This episode of the Getting Smart Podcast is sponsored by What If?
On this episode of the Getting Smart Podcast, Tom speaks with Anthony and Chelsea Craig, leaders in the state of Washington and advocates for indigenous ways of life and leading.
Dr. Anthony Craig has served as a teacher, teacher leader, principal, and central office administrator in suburban and reservation settings in Washington state. He is a Professor of Practice, Educational Leadership & Policy Studies at the University of Washington’s College of Education where he directs the Leadership for Learning program. He is a member of the Yakama Nation.
Chelsea Craig is a member of the Tulalip Tribes and has spent her career serving as a teacher at Tulalip Elementary. Her experiences include being the school librarian, teaching 2nd and 3rd grade and most recently as the Cultural Specialist for Quil Ceda Tulalip Elementary.
Let’s listen in as Tom discusses the current sense of mutuality, sustainability and what the modern world can learn from the wisdom of indigenous practices.
Anthony was raised in a family that was involved in education in various ways — from educators to bus mechanics, he was very familiar with the value and promise of education. Over time, he realized that education was his calling and he began to ask himself a driving question: “What could we make this schooling experience be for our people given the violent history of education within tribes and indigenous people”
“You have to bring it as far as you can and set people up. Sometimes it’s actions and sometimes it’s dreams that we have. What can we accomplish if we dream it forward? If we do the work that sets it up.”
Chelsea, came to the work in a similar, yet different, way. Her goal has long been to “liberate the soul of her grandmother” which manifests by her occupying the unique space of both interrupter and healer. Chelsea works at Quil Ceda Tulalip Elementary, a place that “actively works to change the story of education for the Tulalip community while working towards healing and decolonizing educational practices that will continue to empower and motivate every member to learn, grow, and promote our students to be safe, healthy, and positive within the community.”
This work seeks to adapt and alter the formal structures that were built by leaders of a distant community. It’s about reclaiming space — decolonizing educational practices. Chelsea shared that this happens during their morning assembly, a period where the school gathers to sing a traditional song.
Together, they are a part of a growing group of leaders who are working to center the indigenous ways of leading. This leadership style stems from sitting at the feet of elders and understanding the importance of community. It is also a hopeful pursuit, “you already have ways forward”. They referenced Linda Smith’s Decolonizing Methodologies and the “leave no spaces neutral” approach.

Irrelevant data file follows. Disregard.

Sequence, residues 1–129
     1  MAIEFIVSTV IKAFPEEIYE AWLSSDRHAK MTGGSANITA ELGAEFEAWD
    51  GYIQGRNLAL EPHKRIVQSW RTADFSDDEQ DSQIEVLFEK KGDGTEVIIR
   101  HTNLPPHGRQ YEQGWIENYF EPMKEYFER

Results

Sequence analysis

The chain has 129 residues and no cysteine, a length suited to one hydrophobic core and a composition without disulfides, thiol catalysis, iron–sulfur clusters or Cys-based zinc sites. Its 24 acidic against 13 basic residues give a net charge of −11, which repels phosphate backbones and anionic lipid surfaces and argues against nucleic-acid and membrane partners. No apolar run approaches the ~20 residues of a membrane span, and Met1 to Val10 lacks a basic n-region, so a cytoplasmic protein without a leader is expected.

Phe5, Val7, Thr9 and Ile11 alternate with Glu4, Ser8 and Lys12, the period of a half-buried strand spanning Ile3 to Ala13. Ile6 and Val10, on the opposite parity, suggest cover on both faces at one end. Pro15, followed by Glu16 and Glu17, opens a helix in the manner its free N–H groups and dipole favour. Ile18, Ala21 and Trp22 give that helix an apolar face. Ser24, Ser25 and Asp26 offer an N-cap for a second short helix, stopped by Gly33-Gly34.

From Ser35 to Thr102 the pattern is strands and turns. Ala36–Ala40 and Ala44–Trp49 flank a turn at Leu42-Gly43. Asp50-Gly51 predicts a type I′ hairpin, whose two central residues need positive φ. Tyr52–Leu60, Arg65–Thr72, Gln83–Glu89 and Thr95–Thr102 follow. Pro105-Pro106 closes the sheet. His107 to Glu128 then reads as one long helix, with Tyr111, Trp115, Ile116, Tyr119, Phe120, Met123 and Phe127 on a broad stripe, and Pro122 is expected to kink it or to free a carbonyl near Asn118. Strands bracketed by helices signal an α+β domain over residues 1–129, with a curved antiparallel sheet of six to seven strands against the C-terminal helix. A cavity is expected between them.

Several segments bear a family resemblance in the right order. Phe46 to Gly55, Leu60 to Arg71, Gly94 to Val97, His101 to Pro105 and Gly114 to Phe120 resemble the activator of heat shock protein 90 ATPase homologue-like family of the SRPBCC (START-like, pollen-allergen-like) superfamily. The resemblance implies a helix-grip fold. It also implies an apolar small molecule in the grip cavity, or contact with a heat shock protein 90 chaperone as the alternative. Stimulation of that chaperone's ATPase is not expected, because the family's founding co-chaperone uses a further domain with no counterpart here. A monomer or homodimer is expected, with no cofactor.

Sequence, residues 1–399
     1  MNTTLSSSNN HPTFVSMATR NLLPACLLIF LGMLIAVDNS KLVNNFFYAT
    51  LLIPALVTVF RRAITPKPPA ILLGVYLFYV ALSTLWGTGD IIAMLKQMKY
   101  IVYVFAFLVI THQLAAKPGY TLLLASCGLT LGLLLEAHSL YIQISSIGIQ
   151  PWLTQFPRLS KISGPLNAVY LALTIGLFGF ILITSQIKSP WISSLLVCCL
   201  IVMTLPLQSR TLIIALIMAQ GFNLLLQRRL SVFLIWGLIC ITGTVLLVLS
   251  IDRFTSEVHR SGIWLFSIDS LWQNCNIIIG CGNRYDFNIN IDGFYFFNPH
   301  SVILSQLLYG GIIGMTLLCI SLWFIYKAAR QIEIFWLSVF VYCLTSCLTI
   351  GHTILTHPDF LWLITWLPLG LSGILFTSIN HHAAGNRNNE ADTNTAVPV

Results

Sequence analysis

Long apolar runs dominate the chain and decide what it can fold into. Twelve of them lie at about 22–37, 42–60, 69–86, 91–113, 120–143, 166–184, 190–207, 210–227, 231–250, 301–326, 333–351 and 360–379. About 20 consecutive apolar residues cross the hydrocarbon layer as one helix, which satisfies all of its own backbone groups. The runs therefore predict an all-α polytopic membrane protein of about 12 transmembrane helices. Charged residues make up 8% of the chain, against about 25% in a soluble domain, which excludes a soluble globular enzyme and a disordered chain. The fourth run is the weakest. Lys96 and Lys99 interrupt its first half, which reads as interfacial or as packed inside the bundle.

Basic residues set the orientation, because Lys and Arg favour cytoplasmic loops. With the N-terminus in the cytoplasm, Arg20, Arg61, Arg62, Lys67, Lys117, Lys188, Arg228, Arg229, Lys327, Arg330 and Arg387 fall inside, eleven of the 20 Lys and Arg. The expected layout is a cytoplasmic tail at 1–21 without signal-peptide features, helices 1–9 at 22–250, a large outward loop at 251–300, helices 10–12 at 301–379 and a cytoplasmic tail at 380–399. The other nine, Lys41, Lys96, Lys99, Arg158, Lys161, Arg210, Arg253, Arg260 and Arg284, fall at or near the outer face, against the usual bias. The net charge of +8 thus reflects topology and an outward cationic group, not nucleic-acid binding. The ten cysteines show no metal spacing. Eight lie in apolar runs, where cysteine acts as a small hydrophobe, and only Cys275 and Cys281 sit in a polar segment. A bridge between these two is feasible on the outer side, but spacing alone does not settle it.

Anthony believes that it is necessary to acknowledge that there will be different answers to ‘what is the purpose of education?’ “Diversity is really about power and beauty that comes with all of these ancestral traditions that we move with, seen or unseen […] to me, school is for liberation from settler colonialism. It’s for power/empowerment and seeking beautiful life for all sorts of people. And no longer maintaining the hierarchy that undeniably places white men at the top of the settler-colonial pyramid.”
Chelsea also reflected about the Quil Ceda Tulalip Resiliency Framework, which is centered around the medicine wheel.
Currently, Anthony leads the Leadership for Learning (Ed.D.) Program at the University of Washington, which is dedicated to producing innovative, equity-focused systems leaders. He says schools better reflect the community they serve when leaders “Show up and [start] being an insider… also an honest commitment and ethic around getting to know elders and young people. Who are the people you have in mind when you write/enact a policy?”
When asked how they keep learning, Chelsea shared that she centers on what her ancestors bring to the table. and focuses on the fact that there are teachings all around us. She also emphasized, “keep listening.”
Anthony continues to learn from his students, citing the importance of relationships and “paying attention to them even when they aren’t on the class roster.”
He is also trying to learn his tribe’s language, “to be a learner of something they tried to erase through schools.”
“School is not about the achievement of individuals, it’s about the potential for a beautiful life. Not what do I get out of it, but what do we get out of it?”